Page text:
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Synerji 5KVA MPPT PLUS HYBRID INVERTER


Thembeni
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19 hours ago, Thembeni said:

sorry 0.13kW , I was expecting 275x9 = 2475 W.I am new in this field. Thank you

Hi Thembeni,

the power of 275Wp x 9 PV modules  (2475W) is just a possible maximum that in reality is limited by a number of factors. The power (watts) is a function of Volts x Amps, so if you have only a very small load connected to your system(ie: laptop), then you have the Volts but you're drawing just a very little Amps. Therefore, there's not much power generated/consumed. Solar power works like that both these two conditions have to be met at the same time in order to generate the power:

  • the sun has to shine directly on the PV modules
  • you must have a decent load turned-on

If you don't have any load connected, then the only other place where energy can go is the batteries. So, if your batteries are empty, then you will see some power being generated no matter that other loads are off. Actual power will be limited by amount of panels, technical parameters of your solar charger and by the solar insolation, of course. Once your batteries are full, they virtually stop drawing a power.

So, charge your battery, wait for the perfect sun and then turn-on some huge appliance like geyser, air-condition or a stove.

Makes sense?

 

Edited by Youda
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3 hours ago, Youda said:

Hi Thembeni,

the power of 275Wp x 9 PV modules  (2475W) is just a possible maximum that in reality is limited by a number of factors. The power (watts) is a function of Volts x Amps, so if you have only a very small load connected to your system(ie: laptop), then you have the Volts but you're drawing just a very little Amps. Therefore, there's not much power generated/consumed. Solar power works like that both these two conditions have to be met at the same time in order to generate the power:

  • the sun has to shine directly on the PV modules
  • you must have a decent load turned-on

If you don't have any load connected, then the only other place where energy can go is the batteries. So, if your batteries are empty, then you will see some power being generated no matter that other loads are off. Actual power will be limited by amount of panels, technical parameters of your solar charger and by the solar insolation, of course. Once your batteries are full, they virtually stop drawing a power.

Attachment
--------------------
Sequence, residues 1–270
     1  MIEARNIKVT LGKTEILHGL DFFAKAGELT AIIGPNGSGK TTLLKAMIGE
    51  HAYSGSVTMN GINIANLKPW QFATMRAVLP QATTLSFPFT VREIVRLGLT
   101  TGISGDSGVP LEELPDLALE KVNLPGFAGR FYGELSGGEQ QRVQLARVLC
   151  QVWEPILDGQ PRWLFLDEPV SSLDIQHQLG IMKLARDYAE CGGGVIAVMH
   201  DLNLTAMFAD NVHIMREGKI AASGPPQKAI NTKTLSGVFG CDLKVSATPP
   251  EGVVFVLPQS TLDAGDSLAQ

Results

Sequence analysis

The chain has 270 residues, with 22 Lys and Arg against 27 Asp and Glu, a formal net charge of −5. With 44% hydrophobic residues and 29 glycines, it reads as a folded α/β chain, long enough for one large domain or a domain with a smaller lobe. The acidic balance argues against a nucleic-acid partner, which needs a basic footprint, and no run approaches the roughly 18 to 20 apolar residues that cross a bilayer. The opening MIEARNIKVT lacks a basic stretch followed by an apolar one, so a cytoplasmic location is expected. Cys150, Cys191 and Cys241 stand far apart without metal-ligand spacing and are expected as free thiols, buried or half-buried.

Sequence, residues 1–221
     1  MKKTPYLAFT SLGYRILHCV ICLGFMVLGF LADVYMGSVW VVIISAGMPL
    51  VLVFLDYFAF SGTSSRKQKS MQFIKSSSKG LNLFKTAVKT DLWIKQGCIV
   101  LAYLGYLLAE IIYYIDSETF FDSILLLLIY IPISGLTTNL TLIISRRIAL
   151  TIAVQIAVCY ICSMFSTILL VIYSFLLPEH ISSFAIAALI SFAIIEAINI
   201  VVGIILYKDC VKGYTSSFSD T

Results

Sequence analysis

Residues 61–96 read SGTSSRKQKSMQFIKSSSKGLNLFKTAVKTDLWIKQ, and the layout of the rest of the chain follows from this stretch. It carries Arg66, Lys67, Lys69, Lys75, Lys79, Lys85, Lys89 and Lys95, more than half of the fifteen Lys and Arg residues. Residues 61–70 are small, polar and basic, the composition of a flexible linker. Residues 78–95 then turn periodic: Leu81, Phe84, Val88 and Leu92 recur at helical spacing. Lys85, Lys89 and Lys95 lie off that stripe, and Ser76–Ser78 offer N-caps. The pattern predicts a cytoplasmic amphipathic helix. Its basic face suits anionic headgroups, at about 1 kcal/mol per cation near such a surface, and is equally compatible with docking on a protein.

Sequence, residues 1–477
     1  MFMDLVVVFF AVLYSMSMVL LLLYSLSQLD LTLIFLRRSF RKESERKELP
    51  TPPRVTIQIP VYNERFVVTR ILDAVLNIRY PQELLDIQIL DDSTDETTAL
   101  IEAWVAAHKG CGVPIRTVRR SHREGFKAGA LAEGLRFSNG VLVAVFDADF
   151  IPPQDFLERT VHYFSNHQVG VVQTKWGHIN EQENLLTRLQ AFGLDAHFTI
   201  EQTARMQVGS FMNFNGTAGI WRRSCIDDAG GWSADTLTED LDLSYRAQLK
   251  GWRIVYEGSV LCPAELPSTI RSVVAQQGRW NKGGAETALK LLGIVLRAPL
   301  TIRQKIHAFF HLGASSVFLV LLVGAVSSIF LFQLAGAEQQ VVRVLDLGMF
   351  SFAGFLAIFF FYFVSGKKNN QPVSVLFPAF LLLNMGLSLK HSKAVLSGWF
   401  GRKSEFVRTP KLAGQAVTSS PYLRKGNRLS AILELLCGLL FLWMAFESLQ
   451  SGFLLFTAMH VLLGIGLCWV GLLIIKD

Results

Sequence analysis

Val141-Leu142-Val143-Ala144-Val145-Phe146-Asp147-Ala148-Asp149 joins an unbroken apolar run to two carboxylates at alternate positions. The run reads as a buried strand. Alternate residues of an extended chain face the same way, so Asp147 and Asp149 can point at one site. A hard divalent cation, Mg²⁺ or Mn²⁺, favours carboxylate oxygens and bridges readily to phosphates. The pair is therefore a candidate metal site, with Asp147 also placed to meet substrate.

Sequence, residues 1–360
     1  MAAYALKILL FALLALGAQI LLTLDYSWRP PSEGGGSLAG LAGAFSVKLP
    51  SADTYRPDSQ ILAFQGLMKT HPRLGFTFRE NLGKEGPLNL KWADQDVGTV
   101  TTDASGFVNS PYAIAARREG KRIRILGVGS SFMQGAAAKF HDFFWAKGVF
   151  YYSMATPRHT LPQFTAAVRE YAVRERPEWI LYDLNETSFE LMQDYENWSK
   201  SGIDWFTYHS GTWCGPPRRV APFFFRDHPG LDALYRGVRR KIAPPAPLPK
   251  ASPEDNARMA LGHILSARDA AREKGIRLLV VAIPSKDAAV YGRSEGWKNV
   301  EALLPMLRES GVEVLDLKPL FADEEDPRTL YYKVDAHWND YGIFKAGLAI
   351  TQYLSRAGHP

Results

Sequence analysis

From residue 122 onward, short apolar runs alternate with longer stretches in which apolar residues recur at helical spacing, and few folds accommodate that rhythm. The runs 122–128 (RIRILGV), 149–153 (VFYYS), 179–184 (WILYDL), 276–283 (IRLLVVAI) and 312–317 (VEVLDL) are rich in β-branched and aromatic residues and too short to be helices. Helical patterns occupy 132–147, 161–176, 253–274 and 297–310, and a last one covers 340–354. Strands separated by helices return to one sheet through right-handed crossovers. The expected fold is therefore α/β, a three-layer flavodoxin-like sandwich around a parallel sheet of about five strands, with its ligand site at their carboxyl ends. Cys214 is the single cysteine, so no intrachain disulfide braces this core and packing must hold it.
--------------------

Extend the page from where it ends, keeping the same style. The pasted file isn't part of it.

So, charge your battery, wait for the perfect sun and then turn-on some huge appliance like geyser, air-condition or a stove.

Makes sense?

 

Thank you, I tried to maximise the load to 1kW  and i got battery alarm and the sun was shining directly to all 9 panels

 

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Here is a trick. Go and count the little squares on your solar panels. There's going to be either 60 or 72 of them per module. It is hard to say, because usually a 250W module will be 60 cells, and a 300W module will be 72, so I don't know where your 275s are, but I suspect 60. Now consider this picture:

Selection_189.png.1380be7b41b580317c1da97e6b74f9f4.png

Note the PV voltage of about 105V. If you have 3 modules of 60 cells in series, that's 180 cells. Divide 105/180 ~= 0.6V. That means the panel is unloaded, it is not doing any work. A panel that is working pulls down to 0.5V per cell, or around 90V in this setup.

If you have 72 cell modules, then the voltage is right, but the current is about a quarter of what it should be, which makes even less sense. That is why I guess you will find that they are 60-cell modules.

Now that is so terrible that you might as well connect the PV panels directly to the battery (not permanently, just as a test) and you will get 10 times more power than you do now. Specifically, it will pull the panels down to 47V (the battery voltage), but it will work at the panels Imp which should be around 8 amps, that's around 380W per string, or over 1kw.

I also note that your batteries are very low. 47V while receiving a low charge is practically empty.

Finally, I'm a little concerned about your PV wiring. You have 3 of them paralleled up, and it looks like normal 25A household wiring. At 8A per string, you're about at the limit of what that wire can handle.

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7 minutes ago, Thembeni said:

cells are 60

Then your MPPT is counting toes as we say in my mother tongue  when someone is wasting time instead of doing work. This could be because it is incorrectly configured (doubtful, as 47V is low enough that even bad settings should charge), damaged, or just plain horrible as @Chris Hobson also found in his review.

My upper-gut feeling is that you should try a different MPPT, but I understand that you may not be close to a shop that sells these, nor are they exactly cheap. Even if you just installed a cheaper PWM controller in there (as a test, a backup, or an interim plan) you should be better off than you are now.

My lower-gut feeling is to toss the inverter and get something better. Like an Axpert. Can't believe I said that... :-P

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